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The End Of Men: Gender And Geriatrics

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Two women face each other at a small table at the back of a café in Berkeley, California. A hot autumn sun pulses through the glass. One of the women, sturdy in a chambray shirt and large glasses, shakes her head with a false smile: "Then I just lost it."

Her friend, on the other side, slightly older, her lean left knee tucked below her chin, nods in understanding.

"Mary Beth was stuck. She had nobody to call except me," the first woman goes on. Mary Beth, I learned, was a lawyer. Her kids had needed a pick up from primary school early the day before, which would force her to cancel an important client negotiation. Her husband, an apparently high-powered something in a techie start-up, had called that morning to say he was stuck in Denver on a new deal. Mary Beth had no one to call for help except her mother, the stocky woman in big glasses who had "lost it."

"The second time this week. I love my grand kids. I love my daughter, but..." She seemed about to cry.

Excerpted from:
Almost everyone in the café that morning was over sixty. They were equally divided between men and women. It was also playoffs week for the National League pennant, and the San Francisco Giants were one game away from the title. Nearly all the men's tables were dominated by baseball talk.

"Pretty standard," Andy Scharlach, director of UC Berkeley's Center for the Study of Aging, chuckled when I described the morning café scene. Men, whatever age, he said, usually talk sports or politics. Women talk family and relationships. That seemed like a terrible cliché until I began to raise the issue directly with several older women friends who were eager to share their exasperation concerning their post-retirement male mates. Beata -- Polish for Beatrice -- was one of the first to recount her experience.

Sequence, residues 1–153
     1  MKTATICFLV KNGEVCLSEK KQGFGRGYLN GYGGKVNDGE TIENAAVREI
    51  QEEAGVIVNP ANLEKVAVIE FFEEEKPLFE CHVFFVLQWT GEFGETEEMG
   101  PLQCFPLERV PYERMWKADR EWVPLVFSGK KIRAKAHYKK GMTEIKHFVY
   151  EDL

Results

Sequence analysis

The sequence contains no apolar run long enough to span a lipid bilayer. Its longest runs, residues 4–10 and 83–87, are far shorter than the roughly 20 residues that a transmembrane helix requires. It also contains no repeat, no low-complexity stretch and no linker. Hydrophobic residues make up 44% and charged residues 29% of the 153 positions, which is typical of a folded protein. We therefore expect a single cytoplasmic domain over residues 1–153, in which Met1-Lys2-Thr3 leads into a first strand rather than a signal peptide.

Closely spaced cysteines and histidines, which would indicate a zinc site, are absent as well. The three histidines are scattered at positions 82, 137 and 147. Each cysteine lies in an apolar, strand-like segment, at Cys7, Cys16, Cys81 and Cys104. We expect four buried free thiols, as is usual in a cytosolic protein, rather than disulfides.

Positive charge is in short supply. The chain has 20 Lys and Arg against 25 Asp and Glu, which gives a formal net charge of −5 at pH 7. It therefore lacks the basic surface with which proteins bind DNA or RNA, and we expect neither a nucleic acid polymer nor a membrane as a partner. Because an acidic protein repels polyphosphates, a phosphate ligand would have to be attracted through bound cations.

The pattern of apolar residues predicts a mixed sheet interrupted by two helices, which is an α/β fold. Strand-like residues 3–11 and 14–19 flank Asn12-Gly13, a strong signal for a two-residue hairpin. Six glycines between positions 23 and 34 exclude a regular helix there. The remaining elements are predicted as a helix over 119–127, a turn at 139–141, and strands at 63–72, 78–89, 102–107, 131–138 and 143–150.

"What puzzles me is the fact that I am surrounded by more bright people than when I was younger. So how come guys of my generation -- I'm fifty-seven -- guys that were really interesting, promising, exciting, cool guys, when I was younger become rigid, dull, not as quick thinking when they pass sixty? Their vitality is gone. Intellectual curiosity? Gone.

Conversations are all about proving you're right instead of exploring a thought, and thinking forward."

We were in a café in a university town near Cincinnati. Tarnished oak leaves had begun to pave the ground. Beata's voice echoed the sadness of the season. "When I was younger," she went on, "I was the same opinionated, strong-willed woman I am now. I never felt they treated me differently than they treat guys... I always thought I was one of them. I talk. They talk. We agree. We disagree. It was never this sense of 'we would rather you shut up.'"

Other oldr women spoke about a sort of re-infantilization of their husbands. The men no longer had had secretaries to keep track of their mail. They no longer had assistants to unravel their computer software glitches -- and more and more, the wives said, the men had taken to yelling into their telephones to vent their frustrations. Their lives were shrinking and they were growing bitter.

It's hardly news that males traditionally define themselves by their work while women rely increasing on friends and family relations. What is new in the wake of the feminist revolution is that women now are less willing to put up with the grinches. Three times as many women over 65 now sue for divorce as twenty years ago. Two key reasons are that more senior women have accumulated their own pensions -- and relative independence -- and there are many more women lawyers ready now to file divorce complaints. Yet despite mounting workplace stress the cardio-vascular diseases associated with prolonged stress still remain lower for women than for men.

What then explains the gender difference?

UC Berkeley's Andy Scharlach has spent many years examining what he calls an inherent--but not a biological -- difference in resilience between men and women as they age, a resilience, he believes, begins early, very early -- often even before boys and girls learn to read. "You become resilient by dealing with small-scale stressors that you're able to learn from," he told me. "Women suffer more exposure to the stresses that come from being excluded from the privileges that come automatically to little boys. And that continues throughout women's lives as they carry different burdens and expectations from men. Women still carry more child rearing responsibilities. They carry more of the emotional load in families. The gender biases that exist either beat you down, or you develop a sense of yourself and others as being ok." Through all that they learn early how to cope.